Apparently, Microsoft has been facing some challenges of integrating Skype as users have had their accounts compromised several times already since Microsoft has taken over Skype.
The most recent such case is from August, 2016 and it involves the distribution of a weird message on Skype with a link to Baidu or LinkedIn from someone who is in the victim’s contact list. The compromised message quickly infected thousands of users, but according to Microsoft, breach of Skype security was not the case:
“There is no breach of Skype security, instead we believe criminals are using username and password combinations obtained illegally to see if they exist on Skype. We continue to take steps to harden the login process and recommend customers update their Skype account to a Microsoft account to benefit from added protections such as two-factor authentication.”
Breached or not, Skype apparently might not be as secure as users think. This year’s attack has significantly grown in size and all that while users blindly believe they are protected by Microsoft’s two-factor security.
What is Microsoft’s two-factor security?
Microsoft’s two-factor security may sound like a double protection, but in reality it’s not quite so. In essence, Microsoft offers the option to link your Skype and Microsoft account together claiming that option would make your login easier and the security – stronger. If you already linked your Skype and Microsoft accounts together months ago, Microsoft has also kept your old Skype account password separate just in case you still want to access your Skype with your original login details. However, in case that old password is not secure enough or you use it on other accounts as well, then hackers can easily gain access of your Skype account, thus bypassing the “two-factor authentication” in question.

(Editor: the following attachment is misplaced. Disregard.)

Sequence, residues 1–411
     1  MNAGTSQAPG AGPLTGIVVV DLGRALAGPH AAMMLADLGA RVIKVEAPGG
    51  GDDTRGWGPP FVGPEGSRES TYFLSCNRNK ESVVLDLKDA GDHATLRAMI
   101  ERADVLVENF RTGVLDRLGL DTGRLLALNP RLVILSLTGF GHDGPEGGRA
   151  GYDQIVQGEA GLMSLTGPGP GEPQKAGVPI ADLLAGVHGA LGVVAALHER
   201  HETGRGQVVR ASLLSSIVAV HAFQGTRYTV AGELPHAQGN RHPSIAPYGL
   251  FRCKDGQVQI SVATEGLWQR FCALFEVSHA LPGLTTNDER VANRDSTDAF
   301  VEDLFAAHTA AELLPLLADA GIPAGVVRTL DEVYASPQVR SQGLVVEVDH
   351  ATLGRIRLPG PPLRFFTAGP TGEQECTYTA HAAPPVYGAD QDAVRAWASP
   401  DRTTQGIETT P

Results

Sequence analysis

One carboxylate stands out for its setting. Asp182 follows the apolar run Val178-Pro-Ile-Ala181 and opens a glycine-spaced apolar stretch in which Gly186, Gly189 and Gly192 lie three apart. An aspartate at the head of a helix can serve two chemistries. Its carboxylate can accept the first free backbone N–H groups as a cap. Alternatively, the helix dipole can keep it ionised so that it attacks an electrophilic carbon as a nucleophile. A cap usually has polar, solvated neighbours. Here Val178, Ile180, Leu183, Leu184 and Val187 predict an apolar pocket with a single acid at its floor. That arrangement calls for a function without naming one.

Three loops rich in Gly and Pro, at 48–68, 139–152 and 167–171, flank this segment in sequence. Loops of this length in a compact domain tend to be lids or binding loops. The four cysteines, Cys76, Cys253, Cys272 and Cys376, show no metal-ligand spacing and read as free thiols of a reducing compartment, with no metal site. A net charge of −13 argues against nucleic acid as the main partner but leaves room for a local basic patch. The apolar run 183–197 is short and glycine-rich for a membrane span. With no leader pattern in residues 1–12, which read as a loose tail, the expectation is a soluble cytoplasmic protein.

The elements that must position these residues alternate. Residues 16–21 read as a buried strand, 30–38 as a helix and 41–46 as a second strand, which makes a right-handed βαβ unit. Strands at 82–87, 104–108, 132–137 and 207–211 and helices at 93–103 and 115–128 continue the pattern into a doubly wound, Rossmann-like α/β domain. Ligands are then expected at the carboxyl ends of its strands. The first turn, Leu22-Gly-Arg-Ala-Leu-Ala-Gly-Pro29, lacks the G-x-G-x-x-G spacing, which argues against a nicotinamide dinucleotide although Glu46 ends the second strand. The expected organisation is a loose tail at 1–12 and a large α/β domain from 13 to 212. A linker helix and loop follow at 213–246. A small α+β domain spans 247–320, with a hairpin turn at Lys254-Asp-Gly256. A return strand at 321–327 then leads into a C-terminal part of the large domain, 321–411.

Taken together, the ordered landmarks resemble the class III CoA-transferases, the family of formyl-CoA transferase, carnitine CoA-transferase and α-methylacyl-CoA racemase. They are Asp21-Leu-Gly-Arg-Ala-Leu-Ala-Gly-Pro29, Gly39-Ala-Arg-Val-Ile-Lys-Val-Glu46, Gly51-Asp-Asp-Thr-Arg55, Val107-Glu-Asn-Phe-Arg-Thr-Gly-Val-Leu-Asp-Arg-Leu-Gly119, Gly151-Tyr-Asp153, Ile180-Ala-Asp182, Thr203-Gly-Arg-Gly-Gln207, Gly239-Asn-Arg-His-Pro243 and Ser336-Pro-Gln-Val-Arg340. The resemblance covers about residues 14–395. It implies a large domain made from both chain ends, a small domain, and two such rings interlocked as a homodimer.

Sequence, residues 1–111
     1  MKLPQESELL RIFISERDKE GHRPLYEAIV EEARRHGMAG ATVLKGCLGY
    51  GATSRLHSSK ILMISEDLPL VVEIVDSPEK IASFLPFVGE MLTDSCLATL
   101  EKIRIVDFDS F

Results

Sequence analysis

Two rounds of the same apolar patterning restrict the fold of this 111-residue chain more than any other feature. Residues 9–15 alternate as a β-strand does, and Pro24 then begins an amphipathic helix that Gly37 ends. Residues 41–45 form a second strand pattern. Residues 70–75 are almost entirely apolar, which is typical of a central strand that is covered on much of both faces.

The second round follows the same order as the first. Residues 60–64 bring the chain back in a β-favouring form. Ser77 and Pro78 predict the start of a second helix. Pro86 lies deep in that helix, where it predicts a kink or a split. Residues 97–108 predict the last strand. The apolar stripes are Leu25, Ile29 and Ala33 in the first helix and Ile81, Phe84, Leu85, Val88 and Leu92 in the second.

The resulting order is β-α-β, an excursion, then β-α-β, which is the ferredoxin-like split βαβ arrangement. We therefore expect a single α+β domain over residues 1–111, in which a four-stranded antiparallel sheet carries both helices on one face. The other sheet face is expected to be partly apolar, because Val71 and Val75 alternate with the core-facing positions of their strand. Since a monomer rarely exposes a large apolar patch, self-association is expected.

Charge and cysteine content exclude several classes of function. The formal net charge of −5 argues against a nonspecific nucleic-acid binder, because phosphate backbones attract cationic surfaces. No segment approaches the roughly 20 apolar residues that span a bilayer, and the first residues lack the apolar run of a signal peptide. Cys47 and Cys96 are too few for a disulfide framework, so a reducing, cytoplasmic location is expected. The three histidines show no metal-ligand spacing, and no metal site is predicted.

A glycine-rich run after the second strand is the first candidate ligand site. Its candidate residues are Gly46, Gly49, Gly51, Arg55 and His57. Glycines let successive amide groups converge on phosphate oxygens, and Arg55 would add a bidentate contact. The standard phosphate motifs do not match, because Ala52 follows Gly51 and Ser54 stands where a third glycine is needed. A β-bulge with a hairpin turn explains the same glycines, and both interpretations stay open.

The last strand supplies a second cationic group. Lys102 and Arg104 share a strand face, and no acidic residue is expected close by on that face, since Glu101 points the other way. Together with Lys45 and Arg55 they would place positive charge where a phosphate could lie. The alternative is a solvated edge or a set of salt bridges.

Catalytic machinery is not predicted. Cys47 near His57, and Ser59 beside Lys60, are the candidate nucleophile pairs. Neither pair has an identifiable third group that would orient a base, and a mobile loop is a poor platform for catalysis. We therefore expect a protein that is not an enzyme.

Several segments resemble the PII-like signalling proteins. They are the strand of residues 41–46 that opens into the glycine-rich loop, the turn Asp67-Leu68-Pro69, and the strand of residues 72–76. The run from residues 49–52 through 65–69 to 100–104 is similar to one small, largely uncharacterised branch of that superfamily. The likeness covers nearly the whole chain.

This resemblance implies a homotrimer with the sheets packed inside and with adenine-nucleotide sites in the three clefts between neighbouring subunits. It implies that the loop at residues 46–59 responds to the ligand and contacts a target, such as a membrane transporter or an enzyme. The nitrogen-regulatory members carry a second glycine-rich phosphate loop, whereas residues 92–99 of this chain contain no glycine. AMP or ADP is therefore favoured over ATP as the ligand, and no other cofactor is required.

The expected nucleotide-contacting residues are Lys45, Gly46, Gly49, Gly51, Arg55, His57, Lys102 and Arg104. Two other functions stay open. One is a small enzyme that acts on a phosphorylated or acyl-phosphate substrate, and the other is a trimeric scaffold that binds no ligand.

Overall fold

What Should You Do?
Whether your Skype account has been already hacked or not, you must secure both the Skype and Microsoft accounts immediately. According to TheVerge.com,
Once the two accounts are properly merged, Microsoft creates a Skype alias to let you keep signing in with a Skype username. You can continue using this or disable it under the aliases preferences to ensure nobody can try to sign in with your Skype username. Either way, you won’t be able to use your old Skype password anymore, and attackers will have to know the email address associated with your account.
This entire process seems messy, but it appears to be the best way to secure your Microsoft account. If you’ve already linked a Skype username then I would suggest doing this extra merge process immediately, to secure your account. If you haven’t linked Skype and Microsoft Accounts at all, then you should be safe to link and merge with the new process.